impulse

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About impulse

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Profile Information

  • Gender
    Female
  • Location
    Adelaide hills

LW Info

  • Leatherwork Specialty
    harness/saddlery
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  1. I use an erasable silver pen for marking on leather - it just disappears with a damp cloth!
  2. I posted this recipe recently: I make my own "Bushmans Leather Dressing" by melting 1 part beeswax, 1 part parafin wax, 2 parts neatsfoot oil and 1tspn eucalyptus oil. The eucalyptus prevents mould. Because beeswax varies in hardness, sometimes I need to add pure gum turpentine to make the mix creamier. Use the dressing sparingly and after rubbing in well, leave for 30mins or so and it will leave the leather supple but can be buffed up to a satin shine which repells water. I never use straight oils on leather as too much oil can weaken the fibres and also makes it impossible to get a sheen. I have saddles and harness that are still good after 40yrs of service using this dressing.
  3. Use the existing fabric as patterns, but make sure you label which piece is from where. Calculate the sq footage needed, but because leather hides are an irregular shape, you need to allow 1/3 wastage. If the leather is of good quality there is no need to line with foam. I have successfully reupholstered 10-15 sofas and chairs using this method. Lois
  4. Hi windrider If you have access to an ordinary home sewing machine, there are available leather point needles which will handle garment leather quite well. Should save you hours of hand stitching. Good job with the lacing!From a fellow Aussie, Lois
  5. MADMAX The addition of eucalyptus oil is not to preserve the dressing, but to help stop mould growing on the leather!
  6. Both! I do a lot of embossing where the leather hardens due to casing and this dressing restores the natural oils. Saddlery I like to be very supple, and this is easily controlled by the amount used. Before discovering this recipe, I used warm olive oil to break in my gear, but found it impossible then to get a shine. Over the years I have tried almost all the commercially produced leather cleaners and dressings - NOTHING is as good or versatile as the "Bushmans". I hope that you try this out. Lois
  7. Hey Big Sioux I make my own "Bushmans Leather Dressing" by melting 1 part beeswax, 1 part parafin wax, 2 parts neatsfoot oil and 1tspn eucalyptus oil. The eucalyptus prevents mould. Because beeswax varies in hardness, sometimes I need to add pure gum turpentine to make the mix creamier. Use the dressing sparingly and after rubbing in well, leave for 30mins or so and it will leave the leather supple but can be buffed up to a satin shine which repells water. I never use straight oils on leather as too much oil can weaken the fibres and also makes it impossible to get a sheen. I have saddles and harness that are still good after 40yrs of service using this dressing. Cheers Lois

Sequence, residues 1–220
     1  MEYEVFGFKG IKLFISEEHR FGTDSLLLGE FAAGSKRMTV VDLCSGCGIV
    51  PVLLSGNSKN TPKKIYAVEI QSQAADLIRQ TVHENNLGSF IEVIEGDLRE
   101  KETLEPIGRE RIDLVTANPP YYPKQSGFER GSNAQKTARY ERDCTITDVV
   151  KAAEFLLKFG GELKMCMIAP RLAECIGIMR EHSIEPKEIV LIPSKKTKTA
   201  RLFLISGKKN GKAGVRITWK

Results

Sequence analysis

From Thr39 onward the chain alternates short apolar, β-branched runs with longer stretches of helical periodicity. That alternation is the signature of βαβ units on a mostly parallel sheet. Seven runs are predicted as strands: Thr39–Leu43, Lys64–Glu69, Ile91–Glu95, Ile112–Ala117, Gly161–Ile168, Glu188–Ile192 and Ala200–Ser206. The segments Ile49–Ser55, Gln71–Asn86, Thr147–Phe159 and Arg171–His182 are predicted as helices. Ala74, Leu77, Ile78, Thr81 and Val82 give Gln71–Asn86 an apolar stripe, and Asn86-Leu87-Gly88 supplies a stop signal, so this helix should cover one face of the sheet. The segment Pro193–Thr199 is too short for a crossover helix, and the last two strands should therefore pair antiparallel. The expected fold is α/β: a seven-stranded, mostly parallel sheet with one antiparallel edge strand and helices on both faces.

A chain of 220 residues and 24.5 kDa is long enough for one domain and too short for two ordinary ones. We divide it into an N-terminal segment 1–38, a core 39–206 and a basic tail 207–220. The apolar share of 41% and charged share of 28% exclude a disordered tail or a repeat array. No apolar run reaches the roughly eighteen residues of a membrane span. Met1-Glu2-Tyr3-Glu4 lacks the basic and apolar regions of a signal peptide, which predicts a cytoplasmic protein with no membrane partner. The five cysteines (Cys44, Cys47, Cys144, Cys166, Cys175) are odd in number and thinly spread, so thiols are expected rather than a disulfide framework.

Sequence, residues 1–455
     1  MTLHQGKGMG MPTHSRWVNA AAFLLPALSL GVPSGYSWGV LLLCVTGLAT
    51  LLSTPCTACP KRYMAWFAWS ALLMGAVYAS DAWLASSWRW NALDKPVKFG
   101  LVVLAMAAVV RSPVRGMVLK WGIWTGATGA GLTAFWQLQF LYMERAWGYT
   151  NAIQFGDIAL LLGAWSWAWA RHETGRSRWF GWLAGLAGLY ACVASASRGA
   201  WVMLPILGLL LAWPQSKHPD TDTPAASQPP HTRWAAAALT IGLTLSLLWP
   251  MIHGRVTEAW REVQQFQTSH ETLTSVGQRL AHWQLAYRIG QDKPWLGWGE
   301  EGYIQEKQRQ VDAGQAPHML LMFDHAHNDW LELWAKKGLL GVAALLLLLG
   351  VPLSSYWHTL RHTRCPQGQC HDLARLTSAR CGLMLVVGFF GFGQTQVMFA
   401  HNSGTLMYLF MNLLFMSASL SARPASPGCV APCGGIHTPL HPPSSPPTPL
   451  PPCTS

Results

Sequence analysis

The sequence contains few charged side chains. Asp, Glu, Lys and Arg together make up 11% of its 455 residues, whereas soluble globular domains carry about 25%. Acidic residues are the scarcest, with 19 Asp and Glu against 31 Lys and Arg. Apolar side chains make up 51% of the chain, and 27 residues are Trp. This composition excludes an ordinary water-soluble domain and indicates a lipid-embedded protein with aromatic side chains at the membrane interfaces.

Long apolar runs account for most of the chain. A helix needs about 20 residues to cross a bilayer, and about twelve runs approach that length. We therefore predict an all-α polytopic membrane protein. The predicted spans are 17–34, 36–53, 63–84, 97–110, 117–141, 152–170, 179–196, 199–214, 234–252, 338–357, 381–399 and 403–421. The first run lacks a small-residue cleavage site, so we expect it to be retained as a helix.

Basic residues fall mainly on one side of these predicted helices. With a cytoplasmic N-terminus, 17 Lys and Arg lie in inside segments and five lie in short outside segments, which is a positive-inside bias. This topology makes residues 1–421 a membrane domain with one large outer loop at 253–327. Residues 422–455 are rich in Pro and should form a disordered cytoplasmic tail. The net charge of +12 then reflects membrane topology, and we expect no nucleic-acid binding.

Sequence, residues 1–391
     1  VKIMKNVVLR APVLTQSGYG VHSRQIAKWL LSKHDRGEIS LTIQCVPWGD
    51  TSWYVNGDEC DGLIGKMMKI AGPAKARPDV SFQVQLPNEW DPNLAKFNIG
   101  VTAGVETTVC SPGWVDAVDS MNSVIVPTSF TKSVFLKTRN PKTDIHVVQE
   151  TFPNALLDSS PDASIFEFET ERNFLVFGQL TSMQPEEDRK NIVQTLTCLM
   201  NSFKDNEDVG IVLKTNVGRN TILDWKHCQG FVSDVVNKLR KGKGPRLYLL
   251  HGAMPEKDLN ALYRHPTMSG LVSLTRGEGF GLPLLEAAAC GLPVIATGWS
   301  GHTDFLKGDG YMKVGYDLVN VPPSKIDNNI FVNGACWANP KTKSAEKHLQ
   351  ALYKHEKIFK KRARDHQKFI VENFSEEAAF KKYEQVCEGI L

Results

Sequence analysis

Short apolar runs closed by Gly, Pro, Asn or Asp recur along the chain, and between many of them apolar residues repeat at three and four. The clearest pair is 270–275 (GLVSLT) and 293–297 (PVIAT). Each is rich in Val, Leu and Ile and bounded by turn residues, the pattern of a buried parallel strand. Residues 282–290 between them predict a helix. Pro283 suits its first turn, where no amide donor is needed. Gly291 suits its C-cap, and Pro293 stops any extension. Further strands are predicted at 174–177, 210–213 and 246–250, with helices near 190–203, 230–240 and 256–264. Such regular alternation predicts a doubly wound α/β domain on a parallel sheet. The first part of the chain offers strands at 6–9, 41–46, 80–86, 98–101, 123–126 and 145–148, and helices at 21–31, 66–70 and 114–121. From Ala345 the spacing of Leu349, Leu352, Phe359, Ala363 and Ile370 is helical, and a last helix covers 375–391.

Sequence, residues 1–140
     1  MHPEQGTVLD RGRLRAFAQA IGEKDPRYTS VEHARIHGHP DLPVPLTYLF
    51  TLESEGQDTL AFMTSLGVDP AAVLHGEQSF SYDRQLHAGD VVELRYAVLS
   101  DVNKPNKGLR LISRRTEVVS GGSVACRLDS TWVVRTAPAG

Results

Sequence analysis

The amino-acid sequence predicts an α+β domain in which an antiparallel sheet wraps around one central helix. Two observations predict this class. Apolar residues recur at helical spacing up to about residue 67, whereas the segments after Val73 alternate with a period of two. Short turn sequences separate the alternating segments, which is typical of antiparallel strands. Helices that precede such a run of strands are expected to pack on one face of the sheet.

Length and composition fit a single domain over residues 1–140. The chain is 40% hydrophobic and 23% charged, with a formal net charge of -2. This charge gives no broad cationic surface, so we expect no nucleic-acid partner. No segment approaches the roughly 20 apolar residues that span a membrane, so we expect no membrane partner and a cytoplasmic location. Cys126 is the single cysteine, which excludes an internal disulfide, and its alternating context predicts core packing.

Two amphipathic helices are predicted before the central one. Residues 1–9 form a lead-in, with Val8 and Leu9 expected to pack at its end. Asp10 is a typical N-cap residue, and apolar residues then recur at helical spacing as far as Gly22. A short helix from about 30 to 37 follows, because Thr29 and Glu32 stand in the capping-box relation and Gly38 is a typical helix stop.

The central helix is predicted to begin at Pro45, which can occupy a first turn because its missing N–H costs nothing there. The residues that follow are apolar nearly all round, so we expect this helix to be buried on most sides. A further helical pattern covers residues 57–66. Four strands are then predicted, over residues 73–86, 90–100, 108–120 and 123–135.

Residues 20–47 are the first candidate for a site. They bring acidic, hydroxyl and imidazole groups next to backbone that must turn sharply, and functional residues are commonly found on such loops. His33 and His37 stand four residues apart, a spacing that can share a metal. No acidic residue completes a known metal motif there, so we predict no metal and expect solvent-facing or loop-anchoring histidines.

8. Thanks for your comments, AussieMade and northmount
  9. I have recently been experimenting with using food coloring as a leather dye. It comes in 50ml bottles at any supermarket at a cost of around $1.25 ea. There are basic colors of pink, red, blue, green, yellow and black from which you can mix any color imaginable. It is water soluble and a few drops give strong color. I have found it to penetrate well and not rub off when dry. I advise prepping the leather with oxalic acid (1tspn in a cup of warm water) to give a clean start for an even finish. The dye can be painted on, rubbed on, dipped or sprayed. Strength of color is dependent on how many drops used.
  10. Here is more detail of the greyhound collar. Because their heads are no wider than their necks the design is such that when the lead is clipped on the collar tightens around the neck. It is lined with sheepskin. The color was an interesting experiment - to get purple I mixed pink and blue food coloring. To my surprise, the leather not only absorbed it well, but when dry did not rub off at all and was not affected by water. Leaves the door open for a much wider range of colors without using acrylic paint!
  11. OK - pic of "Karly" wearing her designer coat
  12. Capron Carter Industrial Sewing Machines have a branch in Perth and have parts for some antique and vintage machines
  13. I have recently re-homed a greyhound that was too slow on the race track. She is only 2yrs old and was otherwise destined to be euthanized. She has the sweetest temperament and lots to learn - didn't even know her name! I have made a martingale collar and matching dog coat.
  14. By far the best surface for punches is lead. I have melted down scrap lead to form a 8" x 4" x 1" thick rectangle. this is firm enough to get a sharp punch thru thick leather with one hit, yet soft enough to protect the tool. It works much better than a poly cutting board. When one side is marked up I just flip it over. This is great for hole punches, slot punches, strap end punches etc. About every 2-3 months I refresh the surfaces with another melt down, using a blow torch. Caution! Do not use your kitchen stove to heat lead! I have a butane camp stove which I use in the open air only. "Them green mats" (self-healing) are also my choice for cutting, and granite slab for tooling. Cheers, Lois
  15. Here is a custom halter made by a student of mine. It is made using 4mm harness leather (10oz). Always fold the leather when wet to avoid cracking and I always use stainless steel hardware. Make sure you use a quality leather dressing to restore the natural oils after the leather has dried from casing. Cheers, Lois